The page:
A rules-based maritime order is key to protecting the oceans and seas, top coast guard officers from over 30 nations - including the US, China and Singapore - agreed yesterday.
This comes as Tokyo hosted the first Coast Guard Global Summit, in a departure from previous coast guard meetings that have been held only at the regional level.
"Strengthening cooperation between maritime security agencies and increasing dialogue is required now, to cope with the stiffer challenges facing the world today," Japanese Minister of Land, Infrastructure, Transport and Tourism Keiichi Ishii said at the summit.
These challenges, laid out in a 12-point summary after a day of closed-door sessions, include coping with climate change, migration, overfishing, terrorism and piracy, as well as improving distress and disaster response.
But what was not explicitly discussed were specific issues like the threat of North Korean missiles falling into open waters, and sovereignty disputes in the East and South China Seas.
The summit came days after Japan on Monday marked five years since it nationalised the disputed Senkaku islands. Chinese Coast Guard vessels have frequently entered Japanese territorial waters near the islands as signs of protest.
At a news conference on Monday, top government spokesman Yoshihide Suga issued a stiff rebuke, saying: "The repeated incursions into our territorial waters is truly regrettable... We would like to handle the situation firmly and calmly."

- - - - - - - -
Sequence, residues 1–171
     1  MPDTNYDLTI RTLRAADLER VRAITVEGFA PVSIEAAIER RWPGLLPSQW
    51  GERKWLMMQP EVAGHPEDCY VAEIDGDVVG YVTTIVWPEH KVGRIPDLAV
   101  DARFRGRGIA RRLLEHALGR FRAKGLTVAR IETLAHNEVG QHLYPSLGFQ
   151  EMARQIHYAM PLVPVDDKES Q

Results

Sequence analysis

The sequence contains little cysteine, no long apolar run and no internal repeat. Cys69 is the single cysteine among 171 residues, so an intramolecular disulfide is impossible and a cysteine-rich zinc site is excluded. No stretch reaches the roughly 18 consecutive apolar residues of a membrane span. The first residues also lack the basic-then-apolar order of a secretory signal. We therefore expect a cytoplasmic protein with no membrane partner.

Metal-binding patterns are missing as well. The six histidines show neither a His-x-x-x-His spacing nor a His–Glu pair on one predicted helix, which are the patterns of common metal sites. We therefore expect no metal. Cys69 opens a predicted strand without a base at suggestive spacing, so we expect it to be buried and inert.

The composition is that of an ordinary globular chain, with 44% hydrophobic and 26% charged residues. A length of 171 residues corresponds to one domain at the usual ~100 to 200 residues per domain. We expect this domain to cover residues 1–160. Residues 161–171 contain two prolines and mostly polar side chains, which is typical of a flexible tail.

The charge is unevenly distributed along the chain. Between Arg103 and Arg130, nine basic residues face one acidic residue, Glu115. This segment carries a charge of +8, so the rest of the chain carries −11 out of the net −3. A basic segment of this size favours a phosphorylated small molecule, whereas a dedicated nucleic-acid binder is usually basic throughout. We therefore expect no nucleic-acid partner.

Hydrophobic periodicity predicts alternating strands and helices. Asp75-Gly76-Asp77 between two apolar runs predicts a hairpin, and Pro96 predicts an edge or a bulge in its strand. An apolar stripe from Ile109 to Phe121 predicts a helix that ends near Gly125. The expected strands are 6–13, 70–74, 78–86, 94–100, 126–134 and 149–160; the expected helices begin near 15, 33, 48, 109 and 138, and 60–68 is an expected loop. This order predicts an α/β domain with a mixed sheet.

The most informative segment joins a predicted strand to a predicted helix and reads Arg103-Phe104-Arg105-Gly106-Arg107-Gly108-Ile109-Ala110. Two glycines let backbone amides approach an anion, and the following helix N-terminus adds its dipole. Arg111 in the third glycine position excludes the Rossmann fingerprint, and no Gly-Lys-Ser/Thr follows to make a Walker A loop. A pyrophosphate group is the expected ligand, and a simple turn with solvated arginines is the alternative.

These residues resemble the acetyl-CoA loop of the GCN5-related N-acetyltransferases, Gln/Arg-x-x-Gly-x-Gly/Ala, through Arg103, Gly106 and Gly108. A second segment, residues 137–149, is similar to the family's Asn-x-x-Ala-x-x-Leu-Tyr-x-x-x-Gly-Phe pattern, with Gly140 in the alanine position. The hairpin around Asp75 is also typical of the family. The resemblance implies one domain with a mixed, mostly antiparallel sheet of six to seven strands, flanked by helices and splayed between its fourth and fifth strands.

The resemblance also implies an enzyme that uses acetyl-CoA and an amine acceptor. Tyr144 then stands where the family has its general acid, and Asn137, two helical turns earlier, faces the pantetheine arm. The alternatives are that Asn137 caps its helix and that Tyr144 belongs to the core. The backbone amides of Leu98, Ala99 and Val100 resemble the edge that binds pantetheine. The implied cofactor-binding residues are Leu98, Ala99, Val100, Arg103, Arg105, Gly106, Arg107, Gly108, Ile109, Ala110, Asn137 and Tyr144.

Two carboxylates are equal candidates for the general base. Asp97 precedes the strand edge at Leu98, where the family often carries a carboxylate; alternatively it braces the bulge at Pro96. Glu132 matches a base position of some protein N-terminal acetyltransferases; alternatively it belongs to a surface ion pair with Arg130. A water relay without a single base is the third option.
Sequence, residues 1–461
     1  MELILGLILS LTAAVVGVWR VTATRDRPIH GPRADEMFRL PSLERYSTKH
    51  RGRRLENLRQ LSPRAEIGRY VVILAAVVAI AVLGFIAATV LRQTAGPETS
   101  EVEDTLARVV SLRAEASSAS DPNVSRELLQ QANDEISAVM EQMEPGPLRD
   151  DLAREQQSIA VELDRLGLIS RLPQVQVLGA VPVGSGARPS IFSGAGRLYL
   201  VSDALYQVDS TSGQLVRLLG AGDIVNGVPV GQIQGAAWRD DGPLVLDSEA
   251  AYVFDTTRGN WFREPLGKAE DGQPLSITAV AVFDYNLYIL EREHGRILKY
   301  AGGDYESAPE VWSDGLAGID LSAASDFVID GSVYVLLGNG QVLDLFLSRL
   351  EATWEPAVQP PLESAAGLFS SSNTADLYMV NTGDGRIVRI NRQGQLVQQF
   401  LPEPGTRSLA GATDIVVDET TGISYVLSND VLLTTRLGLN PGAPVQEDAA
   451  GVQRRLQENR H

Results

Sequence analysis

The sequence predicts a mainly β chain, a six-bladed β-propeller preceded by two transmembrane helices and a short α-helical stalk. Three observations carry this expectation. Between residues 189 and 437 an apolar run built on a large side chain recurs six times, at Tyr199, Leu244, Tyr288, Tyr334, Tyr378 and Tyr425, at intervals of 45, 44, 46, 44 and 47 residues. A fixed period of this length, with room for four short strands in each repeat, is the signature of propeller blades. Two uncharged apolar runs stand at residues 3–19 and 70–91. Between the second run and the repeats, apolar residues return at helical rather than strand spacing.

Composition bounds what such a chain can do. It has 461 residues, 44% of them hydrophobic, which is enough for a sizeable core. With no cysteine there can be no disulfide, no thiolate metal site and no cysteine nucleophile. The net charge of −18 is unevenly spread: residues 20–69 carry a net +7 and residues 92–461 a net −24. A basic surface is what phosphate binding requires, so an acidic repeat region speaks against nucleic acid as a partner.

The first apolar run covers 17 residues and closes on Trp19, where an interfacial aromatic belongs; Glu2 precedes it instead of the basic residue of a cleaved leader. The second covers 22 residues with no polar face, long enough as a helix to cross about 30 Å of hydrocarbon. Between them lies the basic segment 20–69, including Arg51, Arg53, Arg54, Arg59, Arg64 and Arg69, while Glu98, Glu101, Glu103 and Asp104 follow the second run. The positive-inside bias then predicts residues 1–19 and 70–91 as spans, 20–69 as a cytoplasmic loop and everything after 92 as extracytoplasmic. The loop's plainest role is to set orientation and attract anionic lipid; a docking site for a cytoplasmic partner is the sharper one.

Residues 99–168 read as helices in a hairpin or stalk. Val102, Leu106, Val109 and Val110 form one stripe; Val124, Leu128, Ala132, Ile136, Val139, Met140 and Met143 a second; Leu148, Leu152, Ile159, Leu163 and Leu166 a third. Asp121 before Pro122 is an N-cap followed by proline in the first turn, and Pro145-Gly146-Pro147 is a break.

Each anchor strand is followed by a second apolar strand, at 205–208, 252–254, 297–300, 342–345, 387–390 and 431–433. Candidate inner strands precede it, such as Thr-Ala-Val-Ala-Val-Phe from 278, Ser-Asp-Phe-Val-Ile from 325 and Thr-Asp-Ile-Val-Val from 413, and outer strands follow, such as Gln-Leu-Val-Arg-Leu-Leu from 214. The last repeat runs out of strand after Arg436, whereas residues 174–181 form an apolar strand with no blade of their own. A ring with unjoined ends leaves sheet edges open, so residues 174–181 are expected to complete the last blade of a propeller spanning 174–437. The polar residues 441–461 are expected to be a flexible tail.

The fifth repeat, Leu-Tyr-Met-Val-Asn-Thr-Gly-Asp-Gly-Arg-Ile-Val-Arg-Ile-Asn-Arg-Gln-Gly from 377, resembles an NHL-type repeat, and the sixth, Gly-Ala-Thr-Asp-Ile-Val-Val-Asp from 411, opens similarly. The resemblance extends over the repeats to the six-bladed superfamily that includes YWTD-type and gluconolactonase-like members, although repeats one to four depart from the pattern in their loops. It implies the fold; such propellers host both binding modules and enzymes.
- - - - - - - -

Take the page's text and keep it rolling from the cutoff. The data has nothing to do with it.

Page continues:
China has chafed at international criticism that it has been ignoring the rule of law at sea, in its unilateral construction of military assets in the South China Sea where four Asean nations have overlapping claims.
Japanese Prime Minister Shinzo Abe had said at a reception welcoming the guests on Tuesday that forming common values and bonds via an international summit at a time of stiffer challenges is akin to "a lighthouse shining in the dark ocean".
Dr Heng Yee Kuang of the University of Tokyo told The Straits Times: "Tokyo has long relied on its coast guard as a non-military tool to enhance its regional presence and security profile."
Such a multilateral forum, he added, would be useful for Japan to "minimise any potential residual concerns about Japan being once again an active security actor".